Unsure of how soon the Corona Virus pandemic will end, Minister of Education Mallam Adamu Adamu has directed vice-chancellors, rectors and provosts to reopen using virtual learning. But experts have argued that the nation’s education sector is not prepared for such.
Worried about the continued closure of the nation’s higher educational institutions over the CoronaVirus pandemic, minister of education, Mallam Adamu Adamu has directed school administrators to switch to online learning. Unsure of how soon the COVID-19 will end, Adamu has opened talks with vice-chancellors, rectors and provosts on how to reopen using virtual learning.
He directed all universities, polytechnics and colleges of education to activate virtual learning environment to enable students continue their studies through digital devices. He said although the Academic Staff Union of Universities (ASUU) is on strike, the government will do its best to resolve the labour crisis.
Most vice-chancellors of private universities embraced the idea and expressed readiness to reopen because they claimed that they have top grade virtual learning system. Adamu, who had a teleconference with the vice -chancellors and other heads of tertiary institutions from his home in Abuja, said the Federal Government, cannot afford to shut schools for a long time.
But while stakeholders described the call as laudable, they however expressed mixed feelings on the possibility of switching to virtual learning, particularly the conventional institutions.
For ASUU, government’s failure to adequately fund the sector over the years will make online learning impossible. A former chairman of ASUU, University of Ibadan (UI) branch, Prof Deji Omole who described our leaders as “millennium jesters”, said if government had adequately fund the sector, switching to online learning would not have been a problem.
“We have been struggling all these while that they should make certain facilities available for teaching and learning, and they have refused, this is one of the reasons why ASUU is on strike, suddenly they now realised that we can no longer move forward without those things, is that not self-indictment? Who is going to be responsible for the e-learning? Is it the students or the lecturers if those facilities are not there?
“Education is a very serious investment and we learnt that some of them sent their children abroad to study, they should be honest enough to ask them when they come back the qualities, standard of equipment and infrastructures put in place there for conducive learning. We are far away from the reality that was why I said they are millennium jokers. How would they facilitate the e-learning? Did they assume its Whatssap message? What is not on ground, how do you now deploy them at this critical period? Besides the fact that the union is on strike, even if the union is not on strike, how do you deploy that? You would know how much as an individual you spend on internet every month, where will the students get money? What is not on ground you cannot use it. Those are the things we were talking about.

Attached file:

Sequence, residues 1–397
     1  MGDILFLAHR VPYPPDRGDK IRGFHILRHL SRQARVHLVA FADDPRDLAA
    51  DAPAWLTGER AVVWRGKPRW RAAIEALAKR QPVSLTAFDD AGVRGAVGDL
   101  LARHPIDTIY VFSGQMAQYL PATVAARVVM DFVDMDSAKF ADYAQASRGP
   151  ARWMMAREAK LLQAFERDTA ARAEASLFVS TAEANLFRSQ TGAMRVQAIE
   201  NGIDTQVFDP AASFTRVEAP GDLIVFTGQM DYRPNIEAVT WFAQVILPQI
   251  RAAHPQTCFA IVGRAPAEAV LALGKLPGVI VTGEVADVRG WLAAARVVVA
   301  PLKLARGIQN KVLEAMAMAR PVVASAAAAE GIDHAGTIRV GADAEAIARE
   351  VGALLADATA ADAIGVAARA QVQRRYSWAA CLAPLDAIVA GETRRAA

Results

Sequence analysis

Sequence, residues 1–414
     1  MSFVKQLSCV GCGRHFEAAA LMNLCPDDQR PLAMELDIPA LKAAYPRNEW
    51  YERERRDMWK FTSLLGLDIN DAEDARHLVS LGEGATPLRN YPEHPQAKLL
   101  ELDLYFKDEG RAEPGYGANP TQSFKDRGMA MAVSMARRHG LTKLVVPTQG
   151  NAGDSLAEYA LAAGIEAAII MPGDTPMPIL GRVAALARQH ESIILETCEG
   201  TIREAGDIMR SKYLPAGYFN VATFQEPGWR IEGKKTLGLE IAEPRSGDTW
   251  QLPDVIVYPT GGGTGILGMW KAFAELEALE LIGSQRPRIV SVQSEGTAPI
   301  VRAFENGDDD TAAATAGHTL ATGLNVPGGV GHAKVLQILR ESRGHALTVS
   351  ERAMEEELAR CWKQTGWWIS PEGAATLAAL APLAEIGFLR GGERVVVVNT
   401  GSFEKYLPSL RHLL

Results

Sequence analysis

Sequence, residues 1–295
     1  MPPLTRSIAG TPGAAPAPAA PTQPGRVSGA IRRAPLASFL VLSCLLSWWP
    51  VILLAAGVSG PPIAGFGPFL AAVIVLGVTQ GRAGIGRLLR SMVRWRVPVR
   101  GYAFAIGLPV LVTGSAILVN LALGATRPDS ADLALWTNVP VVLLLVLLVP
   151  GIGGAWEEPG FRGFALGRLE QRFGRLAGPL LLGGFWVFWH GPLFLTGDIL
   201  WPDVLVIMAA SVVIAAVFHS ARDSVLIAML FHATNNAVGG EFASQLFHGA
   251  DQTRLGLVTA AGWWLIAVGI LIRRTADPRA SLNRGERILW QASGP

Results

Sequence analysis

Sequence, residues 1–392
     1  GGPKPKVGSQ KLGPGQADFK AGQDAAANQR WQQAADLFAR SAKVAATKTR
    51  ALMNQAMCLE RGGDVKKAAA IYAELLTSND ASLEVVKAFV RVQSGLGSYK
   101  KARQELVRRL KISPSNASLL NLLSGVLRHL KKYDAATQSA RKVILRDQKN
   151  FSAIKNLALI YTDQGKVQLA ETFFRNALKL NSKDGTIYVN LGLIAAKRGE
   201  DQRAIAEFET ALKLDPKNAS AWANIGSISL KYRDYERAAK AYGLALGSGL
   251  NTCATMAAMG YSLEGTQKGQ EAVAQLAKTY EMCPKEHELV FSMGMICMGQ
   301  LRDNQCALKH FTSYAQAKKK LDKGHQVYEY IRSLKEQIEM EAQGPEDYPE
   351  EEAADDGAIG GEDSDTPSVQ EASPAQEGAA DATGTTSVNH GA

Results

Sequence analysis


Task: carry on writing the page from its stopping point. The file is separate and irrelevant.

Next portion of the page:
Omole added, “Government must consciously release money for such facilities to be put on ground, in so many institutions presently, academic staff use yahoo, gmail and others, infact at a particular time of the day, you cannot even access your mail. It is a serious matter. In some instances, you would see students, about 20 of them clustering in one place because they said signal there is better, government must be ready to fund education, there is no alternative to it.
Similarly, former vice chancellor, Caleb University, Imota, Prof Ayodeji Olukoju said there is no Nigerian university that has the requisite infrastructure to quickly switch over to online teaching. Olukoju, a distinguished professor at the University of Lagos (UNILAG) said the average Nigerian university is structured to teach on the conventional platform and distance learning is not as developed as we would have loved.
“We can talk of the National Open University of Nigeria (NOUN), or the distance learning institute at UNILAG or its counterpart at UI but unlike South Africa’s UNITA, which is very efficient, we haven’t got to that level here because of the infrastructure required-online facilities, human resource that is, the technical people that can handle it and then the trained lecturers that can operate on that platform. So to the extent that we don’t have such structures, the physical and the pedagogical on ground, it becomes problematic, we cannot switch over overnight.”
Prof Olukoju however stated that government could work towards it, as a future plan as online learning is not practicable at the moment. “For any university that wants to switch to virtual learning, apart from the physical structure having a central location, where those things can be coordinated on their campuses, we also need to be sure that the students at the other end have power supply and laptop to connect with their institutions.